The Zero Theorem
Terry Gilliam's first science fiction film since "12 Monkeys" is an inventively designed but oddly inert satire on technology, God and the future of humankind.
Q. I work at Mission Control for the shuttle program, and am impressed by the realism of "Apollo 13." That control center in the movie is dead-on. To me, the whole thing looked and felt real, which is the highest compliment I can give. There are some minor technical things that only insiders would know (Mattingly stands too close to the launch, the crane was facing the wrong way in the Vehicle Assembly Building, the paint scheme was a little off, the phases of the moon and the site shown on the moon were not correct), but those are just nit-picks. I'm glad the American public is going to see it in such numbers. -- Michael Grabois, Houston
A. It's ironic that the movie's effects are so good that many people don't realize they're effects; sequences like the lift-off look so real that viewers assume they're watching archival documentary footage -- not models, computer animation, etc.
Q. Since British actor Hugh Grant's alleged liaison with a prostitute in Hollywood became public knowledge, there has been much speculation about the impact that this may or may not have on Mr. Grant's acting career. What do you think? -- Mark Dayton, Costa Mesa, Calif.
A. It's pretty simple: If his new movie "Nine Months" is successful, it will have no effect. If it flops, the scandal will be blamed. In fact, the quality of "Nine Months" will have much more to do with its box-office performance, but it won't be regarded that way. Analyze the press reaction to Hugh Grant's arrest, and you will find not shock, but a cackle of glee. The British trash press in particular has been overjoyed at his misfortune. The logic goes as follows: Here's a guy who's handsome, successful and has a pretty girlfriend. Therefore, he deserves to be disgraced.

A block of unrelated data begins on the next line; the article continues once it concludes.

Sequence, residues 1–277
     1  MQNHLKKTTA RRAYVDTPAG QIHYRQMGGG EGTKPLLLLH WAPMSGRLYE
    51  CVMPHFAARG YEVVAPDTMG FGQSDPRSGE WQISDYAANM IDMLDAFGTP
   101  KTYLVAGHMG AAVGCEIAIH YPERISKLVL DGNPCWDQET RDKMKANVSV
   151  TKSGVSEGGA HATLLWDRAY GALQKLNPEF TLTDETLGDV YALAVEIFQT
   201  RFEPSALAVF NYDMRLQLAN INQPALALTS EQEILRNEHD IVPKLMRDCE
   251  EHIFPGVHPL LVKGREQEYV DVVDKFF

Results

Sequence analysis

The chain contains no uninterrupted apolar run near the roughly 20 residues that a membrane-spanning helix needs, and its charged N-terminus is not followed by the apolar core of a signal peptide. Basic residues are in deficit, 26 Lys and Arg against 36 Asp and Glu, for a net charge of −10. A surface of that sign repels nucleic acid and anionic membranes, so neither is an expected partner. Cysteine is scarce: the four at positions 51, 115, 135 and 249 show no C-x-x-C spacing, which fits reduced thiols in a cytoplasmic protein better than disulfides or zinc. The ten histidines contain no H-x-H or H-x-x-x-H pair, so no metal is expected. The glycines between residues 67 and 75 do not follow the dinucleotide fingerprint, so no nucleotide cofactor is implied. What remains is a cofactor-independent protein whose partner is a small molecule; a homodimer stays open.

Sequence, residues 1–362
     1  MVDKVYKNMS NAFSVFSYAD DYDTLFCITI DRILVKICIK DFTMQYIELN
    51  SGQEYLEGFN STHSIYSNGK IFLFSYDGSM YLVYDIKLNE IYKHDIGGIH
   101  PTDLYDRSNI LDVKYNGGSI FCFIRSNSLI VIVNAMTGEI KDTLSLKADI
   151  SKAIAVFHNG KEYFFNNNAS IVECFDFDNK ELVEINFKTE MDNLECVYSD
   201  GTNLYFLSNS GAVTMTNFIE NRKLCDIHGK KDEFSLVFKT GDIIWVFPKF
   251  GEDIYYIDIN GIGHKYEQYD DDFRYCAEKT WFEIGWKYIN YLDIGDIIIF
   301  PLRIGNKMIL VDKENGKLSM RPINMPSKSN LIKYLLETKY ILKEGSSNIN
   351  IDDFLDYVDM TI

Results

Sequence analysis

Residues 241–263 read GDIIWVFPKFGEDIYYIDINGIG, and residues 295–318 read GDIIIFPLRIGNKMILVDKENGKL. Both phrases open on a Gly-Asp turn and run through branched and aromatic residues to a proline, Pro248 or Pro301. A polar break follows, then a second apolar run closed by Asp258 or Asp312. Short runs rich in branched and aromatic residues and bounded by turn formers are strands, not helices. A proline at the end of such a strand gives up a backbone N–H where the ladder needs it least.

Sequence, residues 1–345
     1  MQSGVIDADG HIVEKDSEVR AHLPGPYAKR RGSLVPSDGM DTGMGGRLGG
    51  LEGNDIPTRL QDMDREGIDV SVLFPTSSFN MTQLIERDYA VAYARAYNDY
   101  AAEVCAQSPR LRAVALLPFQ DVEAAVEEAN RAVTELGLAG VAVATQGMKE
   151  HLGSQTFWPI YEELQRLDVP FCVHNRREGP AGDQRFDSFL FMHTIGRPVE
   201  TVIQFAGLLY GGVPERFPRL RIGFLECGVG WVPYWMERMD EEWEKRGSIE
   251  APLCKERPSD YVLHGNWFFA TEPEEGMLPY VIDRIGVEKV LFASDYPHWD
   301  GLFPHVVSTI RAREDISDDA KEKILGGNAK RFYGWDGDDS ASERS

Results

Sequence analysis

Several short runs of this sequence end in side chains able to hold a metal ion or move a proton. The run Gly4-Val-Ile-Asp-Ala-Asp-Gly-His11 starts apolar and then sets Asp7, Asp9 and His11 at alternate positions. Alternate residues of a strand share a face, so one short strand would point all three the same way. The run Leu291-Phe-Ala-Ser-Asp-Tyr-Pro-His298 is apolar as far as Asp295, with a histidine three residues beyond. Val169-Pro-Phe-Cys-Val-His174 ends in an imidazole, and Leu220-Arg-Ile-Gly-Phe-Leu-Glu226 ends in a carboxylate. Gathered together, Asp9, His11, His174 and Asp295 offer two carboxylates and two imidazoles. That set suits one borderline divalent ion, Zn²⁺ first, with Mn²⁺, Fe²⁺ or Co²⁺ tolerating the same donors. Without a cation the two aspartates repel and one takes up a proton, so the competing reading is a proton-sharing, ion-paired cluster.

Q. Haven't seen "Judge Dredd," but as one of the 14 or 15 writers on the movie, I had to wade through the final draft for the arbitration of screen credits. Personally I felt that the script captured little of the satire of the highly original comic books, which is their charm. Anyway, I just wanted to comment that it was "Mad Max" that ripped off "Judge Dredd," not vice versa. The comic preceded "Mad Max," "Blade Runner," "Terminator" and all the second-class s.f. stuff like "Cyborg" that shows a Dredd influence. -- Jan Strnad, Los Angeles
A. I knew you were going to say that.
Q. Your review of "Congo" was the MOST ACCURATE review of a movie that I can remember. I've seen it three times and have enjoyed it more with each showing. It's hysterical. There are so many inside jokes that it's tough to catch everything the first time. I've dragged friends to it who had refused to see it because it got "terrible reviews." After I told them about your review, and about how I believed your assessment was right on target, they went. THEY LOVED IT!!! You are about the only critic in the country who "got" the movie. Thanks for putting yourself out on a limb for it. -- S.W. Simmons, Jenner & Block, Chicago
A. "Congo" is a comedy that was mislabeled as an action drama, and has suffered as a result. I still say if it had been titled "Mel Brooks' Congo," people would have caught on.
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Part ten in Scout Tafoya's The Unloved series tackles "The Village."
A photo gallery offering snapshots from The Ebert Dinner at the 2014 Toronto International Film Festival.